World Mayor nominations

US cities fighting climate change
By Tony Favro, Senior Fellow



ON THIS PAGE: Private property rights versus energy saving ||| Washington dithers, cities act ||| US cities focus on public spaces ||| Cities fear legal challenges ||| 33 cities lead the way ||| Sources and references |||



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Green buildings USAPrivate property rights
limit US cities’ efforts
to conserve energy
August 2020: US mayors and cities lead government efforts to mitigate the harmful impacts of climate change, filling a vacuum left by a lack of leadership at the federal level. However, most local governments focus their efforts on city-owned buildings and public spaces. Cities are reluctant to impose regulations on privately-owned properties for fear of legal challenges, and thus rarely take advantage of significant opportunities to reduce the cities’ overall carbon footprints.

For example, private residential and commercial buildings account for 40 per cent of total energy consumption and significant greenhouse gas emissions in cities, but these private properties are not included in most municipalities’ environmental and energy initiatives. Exceptions are 33 US cities with mandatory energy benchmarking ordinances for privately-owned buildings. These ordinances are associated with annual building energy consumption reductions of up to 14 per cent. They can serve as a model for other American municipalities for accruing public benefits while respecting private property rights.


Climate change:

Washington dithers, cities act

The Covid-19 pandemic is forcing governments at all levels in the US to reassess their needs and capacities. Millions are unemployed, and infrastructure investment is likely to be part of a federal stimulus to get people back to work. Democrats propose investment in green infrastructure, using the pandemic as an opportunity to invest public dollars in programs that pivot away from a fossil fuel based economy, create green jobs, and build more sustainable and resilient infrastructure. Not surprisingly, such proposals lack bipartisan support, as Republicans argue that environmental policies, programs, and regulations impede their priority of getting money into the pandemic-ravished economy quickly.

In fact, federal support for clean energy and enlightened environmental stewardship has stalled at the federal level for over a decade due to lack of agreement between Democrat and Republican lawmakers. American mayors and elected officials of both parties have stepped up and taken actions to reduce waste and pollution and conserve energy and resources in their cities. When US President Donald Trump announced the withdrawal of the United States from the Paris Agreement on climate change in 2017, mayors brought their commitment to a new level. Under the leadership of former Mayor Michael Bloomberg of New York City, 540 American cities pledged to work to achieve the goals of the Paris accords [1].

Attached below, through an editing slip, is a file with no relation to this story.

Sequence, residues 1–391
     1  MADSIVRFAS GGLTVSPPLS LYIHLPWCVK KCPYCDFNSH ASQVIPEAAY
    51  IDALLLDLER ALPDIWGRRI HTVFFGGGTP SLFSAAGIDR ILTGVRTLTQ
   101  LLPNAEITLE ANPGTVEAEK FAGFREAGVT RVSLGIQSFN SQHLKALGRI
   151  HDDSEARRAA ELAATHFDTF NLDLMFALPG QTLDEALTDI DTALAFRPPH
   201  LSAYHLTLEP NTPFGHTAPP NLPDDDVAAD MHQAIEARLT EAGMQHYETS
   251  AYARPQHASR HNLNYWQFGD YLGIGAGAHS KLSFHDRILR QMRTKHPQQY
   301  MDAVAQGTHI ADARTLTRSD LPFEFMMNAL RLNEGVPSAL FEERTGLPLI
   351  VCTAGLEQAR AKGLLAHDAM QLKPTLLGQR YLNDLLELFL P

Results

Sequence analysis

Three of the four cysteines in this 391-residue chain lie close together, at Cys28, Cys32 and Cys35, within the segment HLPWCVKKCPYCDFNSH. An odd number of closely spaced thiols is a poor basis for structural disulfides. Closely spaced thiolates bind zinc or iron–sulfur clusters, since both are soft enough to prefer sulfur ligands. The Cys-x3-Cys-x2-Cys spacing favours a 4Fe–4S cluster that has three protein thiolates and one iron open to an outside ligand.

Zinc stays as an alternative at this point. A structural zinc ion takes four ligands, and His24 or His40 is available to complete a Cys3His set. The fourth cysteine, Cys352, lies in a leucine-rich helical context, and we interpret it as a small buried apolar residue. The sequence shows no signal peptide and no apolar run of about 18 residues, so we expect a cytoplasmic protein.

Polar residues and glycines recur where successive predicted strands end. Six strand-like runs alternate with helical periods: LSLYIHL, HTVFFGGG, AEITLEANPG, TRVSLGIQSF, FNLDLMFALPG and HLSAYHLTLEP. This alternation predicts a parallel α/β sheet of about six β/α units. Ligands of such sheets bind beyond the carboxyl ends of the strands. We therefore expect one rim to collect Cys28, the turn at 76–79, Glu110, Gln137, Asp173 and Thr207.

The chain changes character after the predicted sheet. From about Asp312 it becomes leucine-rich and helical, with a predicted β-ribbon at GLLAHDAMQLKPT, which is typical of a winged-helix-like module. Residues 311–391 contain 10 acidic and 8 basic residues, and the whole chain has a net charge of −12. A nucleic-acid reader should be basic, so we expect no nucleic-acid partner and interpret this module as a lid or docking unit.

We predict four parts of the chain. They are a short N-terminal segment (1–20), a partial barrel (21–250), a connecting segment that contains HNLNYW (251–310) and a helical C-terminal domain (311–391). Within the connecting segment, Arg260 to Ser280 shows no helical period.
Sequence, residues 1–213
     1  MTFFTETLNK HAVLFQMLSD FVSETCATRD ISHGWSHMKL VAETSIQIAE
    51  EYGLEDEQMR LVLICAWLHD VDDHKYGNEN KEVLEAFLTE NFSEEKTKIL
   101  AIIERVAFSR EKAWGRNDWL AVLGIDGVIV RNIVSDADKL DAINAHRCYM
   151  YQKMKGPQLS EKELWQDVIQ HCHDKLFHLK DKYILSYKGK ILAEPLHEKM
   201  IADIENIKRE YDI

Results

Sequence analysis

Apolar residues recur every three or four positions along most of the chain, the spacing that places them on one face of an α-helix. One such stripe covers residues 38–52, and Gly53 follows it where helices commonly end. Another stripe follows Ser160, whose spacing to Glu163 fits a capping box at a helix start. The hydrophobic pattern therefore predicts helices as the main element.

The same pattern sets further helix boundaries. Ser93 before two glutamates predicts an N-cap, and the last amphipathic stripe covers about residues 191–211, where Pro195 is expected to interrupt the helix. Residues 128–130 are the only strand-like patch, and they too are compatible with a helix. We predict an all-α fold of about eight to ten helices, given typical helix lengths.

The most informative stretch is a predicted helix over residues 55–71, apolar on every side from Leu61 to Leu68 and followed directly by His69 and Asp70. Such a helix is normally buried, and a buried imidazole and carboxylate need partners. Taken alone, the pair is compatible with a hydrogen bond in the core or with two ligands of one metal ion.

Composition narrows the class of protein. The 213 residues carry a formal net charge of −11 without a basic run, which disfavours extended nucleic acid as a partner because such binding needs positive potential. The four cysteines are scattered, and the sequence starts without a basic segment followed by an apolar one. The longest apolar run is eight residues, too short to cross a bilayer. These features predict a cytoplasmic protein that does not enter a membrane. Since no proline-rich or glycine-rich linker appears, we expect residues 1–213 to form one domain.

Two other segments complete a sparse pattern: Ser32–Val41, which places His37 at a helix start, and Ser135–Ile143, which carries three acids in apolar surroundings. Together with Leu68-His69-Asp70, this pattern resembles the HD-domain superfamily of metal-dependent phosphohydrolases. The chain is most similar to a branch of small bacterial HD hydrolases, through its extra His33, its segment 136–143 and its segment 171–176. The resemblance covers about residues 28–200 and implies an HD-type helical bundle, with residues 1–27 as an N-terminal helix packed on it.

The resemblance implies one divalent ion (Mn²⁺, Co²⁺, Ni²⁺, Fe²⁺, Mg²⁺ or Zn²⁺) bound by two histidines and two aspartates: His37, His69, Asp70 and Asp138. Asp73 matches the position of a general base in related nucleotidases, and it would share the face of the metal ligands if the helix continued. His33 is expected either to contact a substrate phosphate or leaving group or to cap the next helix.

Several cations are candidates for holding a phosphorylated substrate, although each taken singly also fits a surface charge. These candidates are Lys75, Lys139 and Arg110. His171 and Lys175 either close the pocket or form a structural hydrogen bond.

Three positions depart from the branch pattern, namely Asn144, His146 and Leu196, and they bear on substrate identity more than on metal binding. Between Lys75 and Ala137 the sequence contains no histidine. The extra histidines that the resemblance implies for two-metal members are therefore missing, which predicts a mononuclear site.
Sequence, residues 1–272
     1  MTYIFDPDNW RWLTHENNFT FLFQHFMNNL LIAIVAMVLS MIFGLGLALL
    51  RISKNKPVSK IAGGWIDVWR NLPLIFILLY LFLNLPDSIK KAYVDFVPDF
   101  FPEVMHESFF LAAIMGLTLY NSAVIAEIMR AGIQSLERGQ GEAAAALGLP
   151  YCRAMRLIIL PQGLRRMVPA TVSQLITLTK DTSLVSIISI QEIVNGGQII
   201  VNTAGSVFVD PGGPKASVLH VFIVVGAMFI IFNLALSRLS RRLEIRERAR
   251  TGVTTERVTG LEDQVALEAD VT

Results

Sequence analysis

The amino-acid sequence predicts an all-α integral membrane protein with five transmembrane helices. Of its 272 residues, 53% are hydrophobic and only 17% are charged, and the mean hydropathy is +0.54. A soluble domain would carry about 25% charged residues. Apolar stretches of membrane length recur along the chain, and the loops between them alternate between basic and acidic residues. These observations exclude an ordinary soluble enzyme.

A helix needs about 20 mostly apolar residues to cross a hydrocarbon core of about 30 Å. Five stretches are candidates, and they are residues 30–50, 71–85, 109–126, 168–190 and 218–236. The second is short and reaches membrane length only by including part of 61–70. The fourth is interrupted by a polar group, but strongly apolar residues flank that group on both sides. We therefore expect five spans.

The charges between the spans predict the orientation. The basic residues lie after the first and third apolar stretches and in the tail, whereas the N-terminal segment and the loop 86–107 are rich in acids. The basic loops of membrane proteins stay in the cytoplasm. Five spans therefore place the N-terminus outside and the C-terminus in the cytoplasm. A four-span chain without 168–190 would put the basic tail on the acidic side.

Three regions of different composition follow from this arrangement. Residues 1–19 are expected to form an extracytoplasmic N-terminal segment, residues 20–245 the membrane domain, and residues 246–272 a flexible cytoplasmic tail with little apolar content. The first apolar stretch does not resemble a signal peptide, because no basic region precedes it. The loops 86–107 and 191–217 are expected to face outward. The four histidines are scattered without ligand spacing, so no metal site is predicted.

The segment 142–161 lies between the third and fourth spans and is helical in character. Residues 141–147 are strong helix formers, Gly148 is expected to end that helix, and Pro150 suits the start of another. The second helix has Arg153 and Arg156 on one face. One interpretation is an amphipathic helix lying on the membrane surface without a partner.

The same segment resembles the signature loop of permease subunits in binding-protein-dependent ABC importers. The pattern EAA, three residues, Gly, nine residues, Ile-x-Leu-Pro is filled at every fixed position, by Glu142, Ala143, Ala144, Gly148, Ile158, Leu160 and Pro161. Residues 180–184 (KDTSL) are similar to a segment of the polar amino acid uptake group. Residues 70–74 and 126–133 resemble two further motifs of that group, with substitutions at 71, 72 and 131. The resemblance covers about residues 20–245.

Cities have assumed leadership in addressing the impacts of climate change through operations, procurement, policies, ordinances, and public engagement.


Energy saving:

Most US cities focus on public spaces

In January 2020, the US Conference of Mayors surveyed American cities about their programs to reduce carbon emissions and promote sustainable development. Most of the 182 cities that responded to the survey added alternative fuel vehicles to their municipal fleets, built bike lanes, purchased renewable electricity, and took measures to reduce the energy consumption of municipal buildings. Larger cities had bike- and scooter-sharing programs. Most cities of all sizes partnered with private businesses to implement these actions, and most cities engaged in significant public outreach. The cities’ focus was on improving the carbon footprint of public assets and public spaces. Relatively few programs or policies affected privately-owned buildings, where most energy is used [2].

A notable exception is 33 cities in the US with mandatory energy benchmarking ordinances. Such ordinances require private residential and commercial buildings to track their energy consumption, comply with energy standards, and, often, publicly disclose their energy performance rankings. All benchmarking laws require buildings to track and report energy consumption by using an online tool created by the US Environmental Protection Agency. Benchmarking is credited with prompting annual building energy savings of 2-14 per cent [3].

Residential and commercial building energy use - primarily electricity and natural gas - accounts for 28 per cent of US end-use energy consumption and 39 per cent of total energy consumption (combined end use and utility system losses), as well as 12 per cent of total US greenhouse gas emissions [4].